Nuts are often contaminated with mold that may not be visible to the naked eye and may produce toxins called aflatoxins. These and other toxins can lead to severe gastrointestinal and neurological signs in cats that require veterinary attention. Cashews seem less affected than other types of nuts, but any discoloration or mold is a sign they need to be trashed. 

Cashew nuts have a caustic liquid in the shell that protects the nut against insect attacks, but shelled kernels can still be affected by storage insects and rodents, which can transfer disease. The shell is hard and is unsuitable for cats to try and break, as they may damage and fracture their teeth. Also, if they swallow any piece of the shell or an overly large piece of the nut, it can lead to choking or gastrointestinal blockage.

Can Cats Eat Cashews
Image Credit: martin_hetto, Pixabay

High-Fat Content

In the wild, cats eat a diet that consists primarily of lean meats. They consume fat but not in the high amounts you find in cashews. Excess fat can lead to an upset stomach or obesityObesity is a serious problem for pets and humans. To help fight it, pets should be fed a diet corresponding to their life stage and activity level.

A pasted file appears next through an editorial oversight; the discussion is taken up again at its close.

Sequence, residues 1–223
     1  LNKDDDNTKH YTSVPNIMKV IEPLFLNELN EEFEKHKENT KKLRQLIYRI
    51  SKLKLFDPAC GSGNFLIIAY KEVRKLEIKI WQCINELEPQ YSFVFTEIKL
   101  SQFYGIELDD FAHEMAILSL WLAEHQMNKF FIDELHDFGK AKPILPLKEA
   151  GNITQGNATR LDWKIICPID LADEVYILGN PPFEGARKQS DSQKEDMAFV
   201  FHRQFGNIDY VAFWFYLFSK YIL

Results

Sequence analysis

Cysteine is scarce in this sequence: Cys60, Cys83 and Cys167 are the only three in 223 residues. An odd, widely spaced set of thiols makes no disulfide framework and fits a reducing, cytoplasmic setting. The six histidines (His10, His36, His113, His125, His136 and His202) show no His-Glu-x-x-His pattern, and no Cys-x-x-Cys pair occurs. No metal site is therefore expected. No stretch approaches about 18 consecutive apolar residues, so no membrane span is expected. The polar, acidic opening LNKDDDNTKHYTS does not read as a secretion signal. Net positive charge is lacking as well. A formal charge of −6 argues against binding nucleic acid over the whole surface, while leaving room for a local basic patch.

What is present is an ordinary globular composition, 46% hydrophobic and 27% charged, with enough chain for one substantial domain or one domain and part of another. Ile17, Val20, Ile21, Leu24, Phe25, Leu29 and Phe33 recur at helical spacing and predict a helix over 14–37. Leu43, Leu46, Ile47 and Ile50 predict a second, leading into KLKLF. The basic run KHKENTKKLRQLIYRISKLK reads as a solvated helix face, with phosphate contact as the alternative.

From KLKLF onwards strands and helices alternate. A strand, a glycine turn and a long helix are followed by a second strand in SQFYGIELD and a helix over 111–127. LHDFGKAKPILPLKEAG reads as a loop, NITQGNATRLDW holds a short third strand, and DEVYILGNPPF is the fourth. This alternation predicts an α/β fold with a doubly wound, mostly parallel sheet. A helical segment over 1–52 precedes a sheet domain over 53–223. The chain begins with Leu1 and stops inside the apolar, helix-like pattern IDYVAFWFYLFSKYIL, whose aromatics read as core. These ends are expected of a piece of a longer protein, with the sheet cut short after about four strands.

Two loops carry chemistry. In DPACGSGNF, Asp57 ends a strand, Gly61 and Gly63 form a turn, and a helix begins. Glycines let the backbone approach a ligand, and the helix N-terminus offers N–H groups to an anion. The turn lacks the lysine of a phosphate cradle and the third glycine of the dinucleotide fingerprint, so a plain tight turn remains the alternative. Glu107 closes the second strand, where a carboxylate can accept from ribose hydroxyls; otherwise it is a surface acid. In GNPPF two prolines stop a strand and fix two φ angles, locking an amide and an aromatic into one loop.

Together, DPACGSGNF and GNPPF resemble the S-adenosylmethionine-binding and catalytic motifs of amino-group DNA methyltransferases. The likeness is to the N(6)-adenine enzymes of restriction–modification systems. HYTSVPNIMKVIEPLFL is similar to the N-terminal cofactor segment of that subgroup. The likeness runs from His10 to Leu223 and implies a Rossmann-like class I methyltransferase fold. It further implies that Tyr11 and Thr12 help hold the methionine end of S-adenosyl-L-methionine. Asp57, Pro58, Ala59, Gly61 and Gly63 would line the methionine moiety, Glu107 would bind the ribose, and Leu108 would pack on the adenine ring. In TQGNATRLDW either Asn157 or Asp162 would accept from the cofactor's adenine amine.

Cats aren’t even meant to eat plants in the wild. They’ll only rarely eat grass, which may anecdotally help with digestive issues, although the exact reason remains unknown. But other than that, their diet is almost entirely meat-based.

Cats aren’t good at digesting plant-based foods such as nuts. It can lead to an upset stomach with vomiting and diarrhea as a worst-case scenario.

Too High in Sodium